She has access to saddles at her lessons, but often the schooling saddles are adult-sized and/or you often don't get the same one each time you go. It's harder to get in your groove in a different saddle each week. But ya, I think it also makes her feel "cooler" having her own saddle.
    I was actually really surprised in what good condition the saddle was in when I took it out of the bag. It has not been opened since I was 17. I'd half expected it to be a dried out mess, especially in our dry dry climate. I took really good care of it though and I guess that paid off. They'll have to check all the straps to be sure everything is still intact. But it looked to be in pretty good shape.
    A western saddle? That surprises me. I would have thought the western style would be poo pooed across the Atlantic.

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    1. Yep's, two of them. And very ornate they are too. I preferred the cavalry saddle, it's a bit longer in the seat but in the European style. Very stable, which I never found the Western saddle to be, regardless what people say. I really hated the stirrup. You always felt that when putting your boot in it there was a question if it ever came out again. Grand if you're in open Arizona, not so much when jumping our field boundaries.

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    2. Oh, ya, the western is designed to keep you heavy in the seat and from flying out when the horse breaks from one side to the other when herding something or running around a barrel. Middle and lower body movement is really restricted in those saddles. Jumping is nearly impossible, and could be painful. :) I've ridden in a McClellan before, kind of a combo between the two. It was fine, but still, I'm most comfortable in the jumping saddle.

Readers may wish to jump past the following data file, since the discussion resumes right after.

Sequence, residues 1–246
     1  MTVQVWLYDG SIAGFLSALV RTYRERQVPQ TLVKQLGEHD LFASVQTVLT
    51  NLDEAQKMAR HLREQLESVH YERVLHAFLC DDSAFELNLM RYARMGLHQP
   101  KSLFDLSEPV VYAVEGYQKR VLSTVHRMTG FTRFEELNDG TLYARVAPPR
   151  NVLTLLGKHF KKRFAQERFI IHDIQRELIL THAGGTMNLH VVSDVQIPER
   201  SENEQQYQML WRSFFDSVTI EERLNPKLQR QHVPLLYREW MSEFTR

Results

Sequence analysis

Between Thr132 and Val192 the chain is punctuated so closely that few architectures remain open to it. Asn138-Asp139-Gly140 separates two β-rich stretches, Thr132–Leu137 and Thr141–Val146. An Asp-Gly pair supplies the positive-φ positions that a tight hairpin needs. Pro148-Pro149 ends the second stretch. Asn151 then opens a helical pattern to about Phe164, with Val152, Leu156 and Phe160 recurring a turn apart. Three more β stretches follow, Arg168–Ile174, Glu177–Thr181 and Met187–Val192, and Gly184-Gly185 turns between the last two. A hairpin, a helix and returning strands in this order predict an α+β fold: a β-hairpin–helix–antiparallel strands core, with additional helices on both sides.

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    3. Naw, the MaClellan is far nearer the Spanish saddle. What we had was a version of this http://www.cowanauctions.com/auctions/unsold-item.aspx?ItemId=106607
      Unbelievably comfy for horse and the plank on it.

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    4. Very similar to the English saddle isn't it. You can see where it evolved from that or vice versa.

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  3. I am sure it will go to good use. It is hard to give up parts of our youth but on to a new generation is good.

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    1. The things are definitely going to a good home.

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  4. I think you found the perfect person to give it all to.

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    1. Yes I agree. Made me feel better about getting rid of it.

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  5. I love that!!! Perfect person to give it to so it stays in the family!

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    1. Exactly! And I know it will be used and loved.

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  6. Now that is sweet!
    And look at her happy face :)

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    1. Oh my yes. She was so excited. She asked me to go watch her ride next week. I can't wait.

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  7. aw.. things came to a full circle. She must have been thrilled.

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    1. Thrilled. I got a picture yesterday of her cleaning it and getting it ready, excited to use it. :)

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  8. I miss riding horses. That was sweet of you to give her your saddle.